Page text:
Given the steady fall in COVID-19 cases, and the steady ramp up in vaccinations – as of Thursday, nearly 68 per cent of Canadians aged 12 or over had received at least one shot – this country has reason to breathe a collective sigh of relief.
Canada is on the verge of closing out the deadly, dreary reality of the past 15 months. For the first time in a long time, we’re not just enduring COVID-19; we’re actually winning.
But “winning,” the present tense of the verb, is not the same thing as “won,” past tense. The former must precede the latter; the latter is not guaranteed by the former. (For more lessons in conjugation, consult the Toronto Maple Leafs.)
There are still obstacles standing between here and the postpandemic future. The brake on the speed at which we can put COVID-19 behind us is the pace of vaccinations. And unfortunately, Canadians’ healthy vaccine appetite continues to outpace Canada’s vaccine supply.
Canadians are doing their part, lining up to receive shots as quickly as they land on our shores. And the Trudeau government, to its credit, has done a solid job of acquiring vaccines. Despite stumbles and setbacks earlier this year, Canada as of June 1 had received 28 million doses from Pfizer, Moderna and AstraZeneca.
But Canada needs still more shots, and it needs them now.
Having enough vaccine to double-dose every willing Canadian by September would be good. Getting the job done by midsummer would be better.
To get to a 90-per-cent vaccination rate among eligible Canadians, with two shots each, this country needs 60 million doses. Canada is scheduled to get its 40 millionth dose by the end of June, and hit 50 million by the end of July.
If Ottawa can acquire an extra 10 million doses over the next four weeks, this country will have what it takes to hit the 90-per-cent target in late July, or early August. That would be the best performance in the developed world, by a wide margin.
However, Canada still has no domestic vaccine production. So it all comes down to haggling with foreign producers, and governments, notably the one in Washington.
On Thursday, U.S. President Joe Biden, whose country is sitting on a huge stockpile of vaccines and an even bigger production capacity, announced that the U.S. will finally be sending more of that supply to the rest of the world. The plan is to ship 80 million doses overseas by the end of June.
According to the Biden administration, of the first 25 million doses, 19 million will go to the developing world. The other six million will go to a group Canada is part of – but it’s a big group. Members include Mexico, South Korea, the West Bank and Gaza, Ukraine, Kosovo, Haiti, Georgia, Egypt, Jordan, India, Iraq, Yemen, United Nations workers and Canada.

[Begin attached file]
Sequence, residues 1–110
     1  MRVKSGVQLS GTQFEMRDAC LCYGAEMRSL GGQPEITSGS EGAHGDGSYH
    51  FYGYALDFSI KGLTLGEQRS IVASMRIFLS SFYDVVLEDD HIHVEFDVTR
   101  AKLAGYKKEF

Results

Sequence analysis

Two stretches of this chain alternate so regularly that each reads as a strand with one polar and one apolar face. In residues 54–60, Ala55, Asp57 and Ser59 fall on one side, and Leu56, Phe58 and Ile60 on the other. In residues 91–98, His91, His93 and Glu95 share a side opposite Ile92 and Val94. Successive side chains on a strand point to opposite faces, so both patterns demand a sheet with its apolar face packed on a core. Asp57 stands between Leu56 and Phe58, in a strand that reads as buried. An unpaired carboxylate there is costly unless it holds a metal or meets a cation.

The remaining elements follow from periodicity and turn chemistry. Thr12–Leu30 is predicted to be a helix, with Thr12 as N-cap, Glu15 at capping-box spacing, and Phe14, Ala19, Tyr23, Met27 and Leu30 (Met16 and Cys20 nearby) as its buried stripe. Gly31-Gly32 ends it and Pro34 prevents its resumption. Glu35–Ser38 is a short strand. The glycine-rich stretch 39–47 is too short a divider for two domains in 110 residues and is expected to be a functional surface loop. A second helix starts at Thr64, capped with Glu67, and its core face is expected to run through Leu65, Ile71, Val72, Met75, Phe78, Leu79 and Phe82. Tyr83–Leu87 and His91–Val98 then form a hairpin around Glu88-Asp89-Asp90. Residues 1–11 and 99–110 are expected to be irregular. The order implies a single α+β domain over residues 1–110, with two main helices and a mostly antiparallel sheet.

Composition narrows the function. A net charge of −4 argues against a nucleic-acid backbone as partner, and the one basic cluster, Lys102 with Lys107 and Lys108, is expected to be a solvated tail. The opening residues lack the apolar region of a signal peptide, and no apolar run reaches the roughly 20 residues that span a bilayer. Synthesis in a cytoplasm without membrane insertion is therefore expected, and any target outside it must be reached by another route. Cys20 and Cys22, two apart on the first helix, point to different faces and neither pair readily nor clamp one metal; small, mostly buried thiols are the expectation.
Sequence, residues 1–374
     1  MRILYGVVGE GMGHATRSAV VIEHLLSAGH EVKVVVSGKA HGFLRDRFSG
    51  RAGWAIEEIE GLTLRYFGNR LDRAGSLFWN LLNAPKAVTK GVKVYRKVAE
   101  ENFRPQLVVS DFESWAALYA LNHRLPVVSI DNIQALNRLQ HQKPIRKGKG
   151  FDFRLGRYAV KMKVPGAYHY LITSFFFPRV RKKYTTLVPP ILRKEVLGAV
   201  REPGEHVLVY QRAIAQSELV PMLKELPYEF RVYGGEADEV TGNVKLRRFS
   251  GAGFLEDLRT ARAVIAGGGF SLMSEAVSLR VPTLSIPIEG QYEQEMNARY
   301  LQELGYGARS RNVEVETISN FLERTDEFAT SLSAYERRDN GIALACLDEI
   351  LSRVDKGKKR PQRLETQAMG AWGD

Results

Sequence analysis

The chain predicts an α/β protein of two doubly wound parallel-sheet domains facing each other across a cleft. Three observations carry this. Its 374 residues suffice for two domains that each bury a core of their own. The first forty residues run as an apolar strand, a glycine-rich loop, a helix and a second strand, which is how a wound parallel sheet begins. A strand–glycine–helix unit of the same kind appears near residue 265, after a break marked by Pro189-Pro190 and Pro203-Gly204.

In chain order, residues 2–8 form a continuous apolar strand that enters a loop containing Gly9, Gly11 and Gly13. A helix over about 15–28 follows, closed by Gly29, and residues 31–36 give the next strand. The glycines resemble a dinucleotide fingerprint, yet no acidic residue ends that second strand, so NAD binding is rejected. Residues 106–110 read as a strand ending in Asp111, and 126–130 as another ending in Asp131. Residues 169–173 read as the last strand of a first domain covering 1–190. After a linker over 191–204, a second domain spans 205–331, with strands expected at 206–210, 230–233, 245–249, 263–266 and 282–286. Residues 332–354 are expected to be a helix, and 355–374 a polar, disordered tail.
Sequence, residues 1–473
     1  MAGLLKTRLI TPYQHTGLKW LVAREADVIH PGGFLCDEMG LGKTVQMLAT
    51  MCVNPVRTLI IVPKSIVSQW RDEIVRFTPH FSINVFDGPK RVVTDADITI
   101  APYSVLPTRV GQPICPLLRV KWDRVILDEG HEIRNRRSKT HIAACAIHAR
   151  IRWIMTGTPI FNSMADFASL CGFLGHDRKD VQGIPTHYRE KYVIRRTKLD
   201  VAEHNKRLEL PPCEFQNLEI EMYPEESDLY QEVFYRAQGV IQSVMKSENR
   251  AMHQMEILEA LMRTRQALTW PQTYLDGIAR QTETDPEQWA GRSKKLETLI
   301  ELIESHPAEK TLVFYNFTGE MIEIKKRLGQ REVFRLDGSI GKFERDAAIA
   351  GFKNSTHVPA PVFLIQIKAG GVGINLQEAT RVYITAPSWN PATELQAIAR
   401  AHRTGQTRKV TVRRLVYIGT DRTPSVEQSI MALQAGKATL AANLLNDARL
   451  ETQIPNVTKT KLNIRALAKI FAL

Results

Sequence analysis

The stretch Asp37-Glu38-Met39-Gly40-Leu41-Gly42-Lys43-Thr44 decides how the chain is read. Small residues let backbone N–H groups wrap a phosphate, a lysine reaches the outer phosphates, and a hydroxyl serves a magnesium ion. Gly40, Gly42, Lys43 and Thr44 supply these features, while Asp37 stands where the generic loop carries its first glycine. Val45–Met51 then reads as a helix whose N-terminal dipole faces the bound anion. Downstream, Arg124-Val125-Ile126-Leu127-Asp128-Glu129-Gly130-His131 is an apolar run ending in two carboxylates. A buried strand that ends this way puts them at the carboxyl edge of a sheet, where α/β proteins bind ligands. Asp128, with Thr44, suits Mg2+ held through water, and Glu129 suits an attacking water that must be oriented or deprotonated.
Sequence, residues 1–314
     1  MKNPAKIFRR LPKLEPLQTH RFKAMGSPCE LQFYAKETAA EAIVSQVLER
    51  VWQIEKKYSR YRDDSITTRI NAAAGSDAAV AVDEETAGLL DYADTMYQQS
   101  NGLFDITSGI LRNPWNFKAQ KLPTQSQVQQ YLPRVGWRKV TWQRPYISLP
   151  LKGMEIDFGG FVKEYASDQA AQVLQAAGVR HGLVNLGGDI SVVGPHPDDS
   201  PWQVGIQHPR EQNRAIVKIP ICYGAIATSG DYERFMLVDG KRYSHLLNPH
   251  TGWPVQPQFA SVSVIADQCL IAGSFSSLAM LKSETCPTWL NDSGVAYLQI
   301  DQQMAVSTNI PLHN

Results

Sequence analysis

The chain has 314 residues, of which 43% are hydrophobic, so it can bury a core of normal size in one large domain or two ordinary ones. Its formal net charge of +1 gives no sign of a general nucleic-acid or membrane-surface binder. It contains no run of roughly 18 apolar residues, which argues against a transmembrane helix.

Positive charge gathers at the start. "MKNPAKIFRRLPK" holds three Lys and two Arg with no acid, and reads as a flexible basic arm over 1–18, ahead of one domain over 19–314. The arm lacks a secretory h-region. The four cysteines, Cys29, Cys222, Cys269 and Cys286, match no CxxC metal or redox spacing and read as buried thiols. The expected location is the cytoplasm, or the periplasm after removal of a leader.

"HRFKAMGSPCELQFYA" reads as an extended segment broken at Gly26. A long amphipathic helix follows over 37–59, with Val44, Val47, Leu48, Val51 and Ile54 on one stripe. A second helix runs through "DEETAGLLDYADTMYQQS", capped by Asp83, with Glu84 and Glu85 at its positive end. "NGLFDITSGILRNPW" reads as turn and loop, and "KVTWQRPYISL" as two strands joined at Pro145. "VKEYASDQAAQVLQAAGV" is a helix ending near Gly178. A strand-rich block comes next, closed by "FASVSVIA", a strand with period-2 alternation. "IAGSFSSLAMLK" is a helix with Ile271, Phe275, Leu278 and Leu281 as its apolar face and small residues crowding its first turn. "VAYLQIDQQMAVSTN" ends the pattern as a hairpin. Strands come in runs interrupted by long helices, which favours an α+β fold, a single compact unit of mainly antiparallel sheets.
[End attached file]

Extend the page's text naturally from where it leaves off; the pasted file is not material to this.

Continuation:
Canada’s share is likely to be small.
However, the Biden administration this week also opened the door for exports from three manufacturers, each with vaccines not approved in the United States. Two of those vaccines, from Sanofi and Novavax, are still in the testing stage. It could be months until they’re ready to go.
The other vaccine is AstraZeneca.
Ottawa should be trying to secure millions of these shots – but a dispiriting back and forth among Health Canada, the provinces and the federal advisory body known as NACI has undermined confidence in this vaccine.
Canada is supposed to receive another million AstraZeneca doses in June – even as provinces begin planning to give second shots of low-supply Pfizer or Moderna to hundreds of thousands of people who received a first shot of AstraZeneca.
One way or the other, Canada will finish the vaccination campaign by fall – but sooner would be better. Only Ottawa has the power to make that happen.
The Trudeau government is under pressure to donate some of Canada’s supply to the developing world – to effectively slow Canada’s vaccine rollout, and give more to countries with less than us. We’d suggest a different approach: Focus entirely on getting all Canadians vaccinated, as soon as possible. Then donate the bulk of Canada’s outstanding orders and options – Ottawa contracted for more than 400 million doses – to needy countries.
It could be the biggest and most impactful foreign aid plan in Canadian history. Just take care of Canadians first.